Game: My favorite and my least favorite
How: Students will stand behind their chairs. The teacher will say phrases (related to chores) and if the students agree with those comments, they sit down. If they disagree, they get up.
For example, my favorite chore is making my bed. My least favorite chore is vacuuming.
Online version: Do the same activity except students will stand up from their chairs at home.
Inspired by Do You Wonder Why Bugs are Good?
Game: Memory Game
How: Print out the bugs that appear in the story and the names of the bugs. The students have to match the bugs and their names.
Online version: Show the students each image and they have to guess the names of the bugs. They have to say the name of the bug out loud. You can also put the two documents side by side and the students have to look at the bug and the name and guess which is which.
Game: Passing the Ball
How: The teacher will put the students either in a circle or all over the classroom. Ask a question (for example: how old are you?) and throw the ball to a student. The student will answer and then ask "how are you?" and throw it to another student. QUESTIONS: "How old are you?" "how are you?" "what is your name?" "what is your favorite food?"
Online: Same thing except that instead of throwing the ball, they will say the name of the student they want to answer. For example:
Teacher: João, how old are you?
João: I am seven years old. Maria, what is your favorite food?
Game: Can you guess what bug I am?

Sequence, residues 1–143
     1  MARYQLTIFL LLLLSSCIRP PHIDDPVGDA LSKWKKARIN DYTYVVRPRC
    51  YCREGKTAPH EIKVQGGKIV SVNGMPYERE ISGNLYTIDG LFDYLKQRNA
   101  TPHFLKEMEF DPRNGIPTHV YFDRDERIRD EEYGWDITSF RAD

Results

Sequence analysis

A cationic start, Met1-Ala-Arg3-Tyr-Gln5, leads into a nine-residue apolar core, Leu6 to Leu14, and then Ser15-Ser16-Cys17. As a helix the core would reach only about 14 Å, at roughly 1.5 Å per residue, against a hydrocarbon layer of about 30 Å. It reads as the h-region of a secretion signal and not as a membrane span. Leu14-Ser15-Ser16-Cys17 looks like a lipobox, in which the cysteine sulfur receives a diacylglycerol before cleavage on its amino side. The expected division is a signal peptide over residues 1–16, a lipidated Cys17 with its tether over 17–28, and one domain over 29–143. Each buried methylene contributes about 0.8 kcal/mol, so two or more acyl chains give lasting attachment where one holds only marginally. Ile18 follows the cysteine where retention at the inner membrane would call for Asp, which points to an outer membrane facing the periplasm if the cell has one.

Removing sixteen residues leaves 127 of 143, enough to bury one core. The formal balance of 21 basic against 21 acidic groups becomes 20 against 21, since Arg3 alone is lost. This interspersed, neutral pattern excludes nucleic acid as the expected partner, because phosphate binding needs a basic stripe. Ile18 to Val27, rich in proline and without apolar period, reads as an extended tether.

How: this activity can either be as a whole class, in smaller groups or separate the class in 2 teams and make them compete against each other. Have a list ready or write on the board the names of the bugs that appear in the story. A student will silently choose a bug and the other students have to guess what bug they have chosen, asking questions such as "does it have a tail? Does it fly? Does it live in the desert?"
If the students are competing, whichever team gets more bugs correct wins.
Online version: A variation is that a student silently chooses a bug (or any other animal they want). The students have to guess what bug the student has chosen, asking questions such as “does it have a tail? Does it fly? Does it live in the desert?”
4. MOVE YOUR HIPS
Use Move your Hips! activities when you feel students are too distracted or have been seated for too long. The idea is to move and refresh the body, always through learning, and it can be used at any moment of the class. Below you will find some ideas for your age group.
If the kids are concentrated, we propose a few activities that will help you manage the energy of the group.
Let them dance one of the following songs on our Spotify list (or Youtube list) that is also aligned with what we have been experiencing in the class. Just select a song that they will enjoy and press play to let them move freely around the space.
If the kids are euphoric, we propose a few activities that will help you manage the energy of the group.
Play either one or both videos so that the students can mimic the motions. This way the students are listening to a song in English and matching the words with their actions.